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Judiciary signals tough times for graft suspects

“On face value, it sounds alarming and higher as one, not many Kenyans have such properties that can turn to surety for an accused person, and two,  not many Kenyan have such kind of cash to deposit in court” Samwel Mohochi

Chief Justice David Maraga’s judicial team has fired a warning shot that it will no longer be business as usual in the corridors of justice when it comes to corruption.

The Judiciary has come under sustained criticism that it is the weak link in President Uhuru Kenyatta’s renewed war on corruption.

Now the Maraga-led bench has signalled a painful, costly walk to freedom for graft suspects.

In what appeared to be a major victory for Director of Public Prosecutions Noordin Haji, Anti-Corruption chief magistrate Douglas Ogoti ordered beleaguered Samburu Governor Moses Lenolkulal not to access his county government offices until his graft case is heard and determined.

Haji has previously complained that lenient bail terms favoured the rich and the powerful as it allowed them back to their offices, thus exposing witnesses and evidence to tampering.

In a precedent-setting order, Ogoti slapped Lenolkulal with Sh100 million cash bail, a bond of Sh150 million and surety of the same amount.

This was a far cry from the more generous terms of release routinely given to previous graft suspects.

For instance, suspects in the Sh486 million National Youth Service scandal, including ex-PS Lillian Omollo, were released on cash bail of Sh1 million only.

Last evening, High Court judge Mumbi Ngugi reduced the governor’s cash bail terms to Sh10 million or a Sh3o million bond. The orders blocking him from accessing his office remain in force.

Uhuru has personally led the onslaught against the Judiciary for what he termed “ridiculous” bail terms.

Yesterday, the debate flared as to whether the Judiciary was caving into the Executive’s pressure or finally waking up to crush the menace that is threatening to bring the country to its knees.

Murang’a Senator Irungu Kang’ata, a lawyer, backed the tough bail terms for graft suspects, saying they would be a deterrent to runaway corruption.

He termed the high bond and bail a major victory for the President’s anti-graft efforts.

“People will now fear. Bail terms must be decided in such a manner that serves as a deterrent. Some of the suspects are powerful people who can interfere with evidence,” the Senate Deputy Chief Whip said.

His sentiments were echoed by Siaya Women Representative Christine Ombaka who said the costly terms of release from remand were a strong warning to perennial corruption suspects.

“This is a big lesson to governors that as they try to amass wealth, there is nowhere to hide. It’s a deterrence,” she told the Star.

But National Assembly Minority Leader John Mbadi warned that the ruling — though winning plaudits from some quarters — could be a poisoned chalice in the graft war as it fuels the perception that the Judiciary is ceding ground to the Executive.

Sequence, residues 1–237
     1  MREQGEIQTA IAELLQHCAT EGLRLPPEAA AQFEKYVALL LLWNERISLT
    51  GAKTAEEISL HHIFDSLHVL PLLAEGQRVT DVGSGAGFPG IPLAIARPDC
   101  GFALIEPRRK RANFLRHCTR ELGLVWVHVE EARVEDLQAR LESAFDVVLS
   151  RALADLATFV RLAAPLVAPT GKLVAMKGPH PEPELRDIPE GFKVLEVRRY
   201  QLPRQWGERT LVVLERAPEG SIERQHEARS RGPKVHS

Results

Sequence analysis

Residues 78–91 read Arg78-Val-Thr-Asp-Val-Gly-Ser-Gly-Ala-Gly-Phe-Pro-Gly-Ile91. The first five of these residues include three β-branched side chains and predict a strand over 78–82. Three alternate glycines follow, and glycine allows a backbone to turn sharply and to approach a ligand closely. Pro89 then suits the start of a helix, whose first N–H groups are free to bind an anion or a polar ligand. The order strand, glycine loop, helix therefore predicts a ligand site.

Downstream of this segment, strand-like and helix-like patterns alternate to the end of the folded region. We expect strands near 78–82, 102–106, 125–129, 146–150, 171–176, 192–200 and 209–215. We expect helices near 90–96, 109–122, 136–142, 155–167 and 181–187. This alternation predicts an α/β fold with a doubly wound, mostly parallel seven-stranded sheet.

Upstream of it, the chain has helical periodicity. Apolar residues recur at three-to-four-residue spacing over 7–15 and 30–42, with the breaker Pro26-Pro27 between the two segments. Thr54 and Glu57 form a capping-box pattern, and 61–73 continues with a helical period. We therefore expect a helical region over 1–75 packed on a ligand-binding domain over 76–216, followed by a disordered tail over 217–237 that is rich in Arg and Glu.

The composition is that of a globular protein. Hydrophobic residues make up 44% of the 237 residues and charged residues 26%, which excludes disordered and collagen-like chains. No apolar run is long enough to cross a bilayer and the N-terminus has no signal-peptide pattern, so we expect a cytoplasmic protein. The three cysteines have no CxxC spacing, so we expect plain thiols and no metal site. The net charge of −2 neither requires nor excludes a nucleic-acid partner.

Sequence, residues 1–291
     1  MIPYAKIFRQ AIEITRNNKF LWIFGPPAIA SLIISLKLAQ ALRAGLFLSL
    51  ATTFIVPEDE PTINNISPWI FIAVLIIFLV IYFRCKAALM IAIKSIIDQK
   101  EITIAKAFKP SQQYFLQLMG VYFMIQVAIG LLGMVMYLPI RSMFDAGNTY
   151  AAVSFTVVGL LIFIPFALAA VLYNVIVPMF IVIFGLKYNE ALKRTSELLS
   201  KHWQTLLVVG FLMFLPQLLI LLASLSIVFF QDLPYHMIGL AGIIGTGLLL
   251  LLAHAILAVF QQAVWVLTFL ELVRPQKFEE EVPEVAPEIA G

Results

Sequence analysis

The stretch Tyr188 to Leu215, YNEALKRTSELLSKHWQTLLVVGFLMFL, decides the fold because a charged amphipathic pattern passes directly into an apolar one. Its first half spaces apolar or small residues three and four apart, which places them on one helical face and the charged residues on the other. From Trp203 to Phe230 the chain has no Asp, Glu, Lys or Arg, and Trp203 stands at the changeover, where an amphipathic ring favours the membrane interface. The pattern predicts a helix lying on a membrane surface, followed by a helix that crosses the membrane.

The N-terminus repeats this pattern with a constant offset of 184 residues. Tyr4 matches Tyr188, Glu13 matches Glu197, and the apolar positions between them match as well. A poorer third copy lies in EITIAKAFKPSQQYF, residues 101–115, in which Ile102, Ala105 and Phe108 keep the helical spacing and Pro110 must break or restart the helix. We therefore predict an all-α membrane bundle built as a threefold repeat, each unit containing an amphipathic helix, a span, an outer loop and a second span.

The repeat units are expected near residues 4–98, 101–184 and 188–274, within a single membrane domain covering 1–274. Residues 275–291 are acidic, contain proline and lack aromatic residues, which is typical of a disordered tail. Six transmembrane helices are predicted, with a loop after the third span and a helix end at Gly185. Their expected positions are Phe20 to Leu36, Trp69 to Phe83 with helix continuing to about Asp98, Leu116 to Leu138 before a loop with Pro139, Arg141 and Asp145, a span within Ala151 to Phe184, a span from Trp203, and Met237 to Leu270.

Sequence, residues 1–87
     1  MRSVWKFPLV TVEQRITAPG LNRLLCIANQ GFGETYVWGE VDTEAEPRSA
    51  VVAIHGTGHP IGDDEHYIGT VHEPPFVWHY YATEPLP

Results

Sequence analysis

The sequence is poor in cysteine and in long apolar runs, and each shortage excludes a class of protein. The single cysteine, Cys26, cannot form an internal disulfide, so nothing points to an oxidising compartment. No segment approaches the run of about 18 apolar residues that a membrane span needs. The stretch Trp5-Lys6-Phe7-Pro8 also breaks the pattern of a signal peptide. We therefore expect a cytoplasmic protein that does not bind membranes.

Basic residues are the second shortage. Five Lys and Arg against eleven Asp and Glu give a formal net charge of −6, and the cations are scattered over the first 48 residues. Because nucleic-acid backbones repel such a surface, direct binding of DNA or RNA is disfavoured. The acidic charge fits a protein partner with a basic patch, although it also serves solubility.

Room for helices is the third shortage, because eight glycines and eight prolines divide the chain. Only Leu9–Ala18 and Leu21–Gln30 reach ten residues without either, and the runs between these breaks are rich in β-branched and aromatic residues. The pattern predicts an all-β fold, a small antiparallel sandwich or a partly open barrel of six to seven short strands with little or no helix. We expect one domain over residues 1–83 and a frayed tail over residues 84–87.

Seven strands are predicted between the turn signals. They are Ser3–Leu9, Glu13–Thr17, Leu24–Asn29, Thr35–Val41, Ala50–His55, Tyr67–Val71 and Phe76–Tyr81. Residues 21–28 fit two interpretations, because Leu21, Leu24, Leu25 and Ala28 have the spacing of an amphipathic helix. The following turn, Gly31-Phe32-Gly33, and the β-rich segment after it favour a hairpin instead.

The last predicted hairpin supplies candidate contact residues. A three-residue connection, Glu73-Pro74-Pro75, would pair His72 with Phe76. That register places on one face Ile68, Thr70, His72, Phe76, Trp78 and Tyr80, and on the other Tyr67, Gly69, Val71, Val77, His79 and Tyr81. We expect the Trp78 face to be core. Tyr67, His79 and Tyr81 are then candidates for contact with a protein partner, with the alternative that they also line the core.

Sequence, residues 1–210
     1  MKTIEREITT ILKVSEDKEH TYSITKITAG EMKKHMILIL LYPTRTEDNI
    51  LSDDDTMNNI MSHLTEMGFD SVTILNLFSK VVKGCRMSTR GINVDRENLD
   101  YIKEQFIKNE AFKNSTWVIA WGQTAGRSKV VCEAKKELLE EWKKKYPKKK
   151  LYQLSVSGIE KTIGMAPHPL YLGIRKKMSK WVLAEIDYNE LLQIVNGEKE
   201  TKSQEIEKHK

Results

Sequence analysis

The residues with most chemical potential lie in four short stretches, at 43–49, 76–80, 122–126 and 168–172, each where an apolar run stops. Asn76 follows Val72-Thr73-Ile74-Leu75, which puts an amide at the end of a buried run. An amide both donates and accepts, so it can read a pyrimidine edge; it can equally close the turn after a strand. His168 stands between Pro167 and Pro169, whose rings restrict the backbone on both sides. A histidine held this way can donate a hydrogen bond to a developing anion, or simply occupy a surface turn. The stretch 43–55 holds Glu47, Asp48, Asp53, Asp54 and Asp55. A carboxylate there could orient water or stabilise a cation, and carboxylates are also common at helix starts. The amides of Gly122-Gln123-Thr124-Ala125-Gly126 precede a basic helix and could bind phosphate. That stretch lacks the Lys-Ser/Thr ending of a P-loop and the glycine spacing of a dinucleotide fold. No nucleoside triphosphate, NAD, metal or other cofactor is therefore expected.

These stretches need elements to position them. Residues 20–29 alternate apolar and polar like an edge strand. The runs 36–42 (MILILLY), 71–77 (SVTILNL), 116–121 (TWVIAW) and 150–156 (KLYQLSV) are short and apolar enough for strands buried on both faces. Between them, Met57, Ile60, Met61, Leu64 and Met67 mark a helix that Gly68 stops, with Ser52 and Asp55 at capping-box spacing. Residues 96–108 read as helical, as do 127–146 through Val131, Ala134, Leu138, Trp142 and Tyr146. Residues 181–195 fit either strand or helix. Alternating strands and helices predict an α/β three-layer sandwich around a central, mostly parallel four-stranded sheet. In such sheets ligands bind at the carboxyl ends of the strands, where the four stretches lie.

He added, “Imposing heavy bond, to me, seems like pretrial conviction.”

The lawmaker said the debate must move from the amount given as bail or bond to the quick conclusion of graft cases in court.

“It is not a question of how much but how fast is the prosecution of corruption cases. Let us push for speedy prosecution so that justice is quick,” he said.

ODM national Treasurer Timothy Bosire termed the bail term for the Samburu governor “unusual and a new area”.

“This raises the question of whether the Judiciary is under control from the outside or things are being done arbitrarily to please the powers that be.”

Kuria West MP Mathias Robi said the tall orders by the court had become illogical, even if it meant supporting the war on corruption.

Lawyer Nelson Havi termed the bail and bond ruling “ridiculous and worrisome”.

“For a fact, the governor is a suspect. He may be found guilty or not but what justification is there to demand such exorbitant cash bail? To demand he doesn’t go back to the office. It sets a bad precedent,” he said.

He accused the judge of what he called succumbing to the mob lynch demand of the Executive.

“It is a clear case where the Honourable Ogoti, though pretending to appear bold and proactive, in actual fact has manifested a lot of weakness,” he said.

Transparency International Kenya executive director Samuel Kimeu said bail is supposed to secure attendance in court and not to serve as punishment.

“I get a sense Kenyans want bail used as a form of punishment, when in the actual sense that is not the purpose of bail — it is just security that when required to attend court you turn up and face your charges. I sometimes find the obsession with higher bail terms a bit misplaced,” he said.

“I will be a bit hesitant when that bail is used as a form of punishment. What I will insist on is a swift trial and where someone is found guilty, very stiff and punitive punishment,” he added.

Samwel Mohochi International Commission for Jurists (ICJ) Kenya Executive director said the setting of bail and bond is informed by the current Bail and Bond policy.

“On face value, it sounds alarming and higher as one, not many Kenyans have such properties that can turn to surety for an accused person, and two,  not many Kenyan have such kind of cash to deposit in court,” Mohochi said.

Story Published by The Star

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